### (no subject)

Reading some of Nate Silver's "The Signal and the Noise", finding it kind of underwhelming. My fault for having big expectations, I guess.

Here's a simple empirical question for the NLP nerdoscenti out there: I've got an English text, considered as a sequence of tokens t1...tn. I can look at some prefix of that, say t1...tk, and ask what the entropy H_k is of the probability distribution where you uniformly pick one of those k words. This is of course going to be somewhat less than log(k), because we reuse words in a text. I guess maybe in the very long limit it's going to level off at a constant, because you just arrive at the entropy of the probability distribution of all english words. But I'm kind of curious how fast it does or how fast we should expect it to reach that limit, so:

Question: in actual, real, realistic, pragmatic english texts in the wild, what's the relationship between H_k and k? I downloaded a few project gutenberg texts and made some logplots, and squinted a lot, and it looked very roughly like H_k is (2^(1/3))(lg k)(k^(-1/15)). But I haven't a clue what might be determining these arbitrary constants 2^(1/3) and -1/15 that I am just eyeballing off of vaguely linear-looking log-log plots* without even doing proper regressions.

*essentially all log-log plots are vaguely linear.

Here's a simple empirical question for the NLP nerdoscenti out there: I've got an English text, considered as a sequence of tokens t1...tn. I can look at some prefix of that, say t1...tk, and ask what the entropy H_k is of the probability distribution where you uniformly pick one of those k words. This is of course going to be somewhat less than log(k), because we reuse words in a text. I guess maybe in the very long limit it's going to level off at a constant, because you just arrive at the entropy of the probability distribution of all english words. But I'm kind of curious how fast it does or how fast we should expect it to reach that limit, so:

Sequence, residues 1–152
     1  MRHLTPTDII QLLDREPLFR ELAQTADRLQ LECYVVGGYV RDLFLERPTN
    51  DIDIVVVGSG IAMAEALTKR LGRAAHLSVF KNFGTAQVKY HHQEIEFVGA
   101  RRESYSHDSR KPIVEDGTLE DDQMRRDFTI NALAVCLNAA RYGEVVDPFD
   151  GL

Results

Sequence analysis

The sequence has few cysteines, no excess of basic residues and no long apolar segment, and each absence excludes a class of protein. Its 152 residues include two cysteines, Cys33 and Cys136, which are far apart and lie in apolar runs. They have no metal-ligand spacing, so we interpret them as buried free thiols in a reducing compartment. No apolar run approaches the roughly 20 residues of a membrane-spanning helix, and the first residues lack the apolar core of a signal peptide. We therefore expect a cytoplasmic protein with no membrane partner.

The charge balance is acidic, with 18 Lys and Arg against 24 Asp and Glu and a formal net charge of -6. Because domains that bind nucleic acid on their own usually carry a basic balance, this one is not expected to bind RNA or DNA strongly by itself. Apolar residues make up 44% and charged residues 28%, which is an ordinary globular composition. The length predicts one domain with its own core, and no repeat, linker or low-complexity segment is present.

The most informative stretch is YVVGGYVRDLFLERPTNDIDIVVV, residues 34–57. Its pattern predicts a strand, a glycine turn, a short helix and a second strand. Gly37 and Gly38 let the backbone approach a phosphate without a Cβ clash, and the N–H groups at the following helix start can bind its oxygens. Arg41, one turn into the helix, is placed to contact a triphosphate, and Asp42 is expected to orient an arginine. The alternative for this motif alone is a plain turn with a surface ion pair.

Question: in actual, real, realistic, pragmatic english texts in the wild, what's the relationship between H_k and k? I downloaded a few project gutenberg texts and made some logplots, and squinted a lot, and it looked very roughly like H_k is (2^(1/3))(lg k)(k^(-1/15)). But I haven't a clue what might be determining these arbitrary constants 2^(1/3) and -1/15 that I am just eyeballing off of vaguely linear-looking log-log plots* without even doing proper regressions.

*essentially all log-log plots are vaguely linear.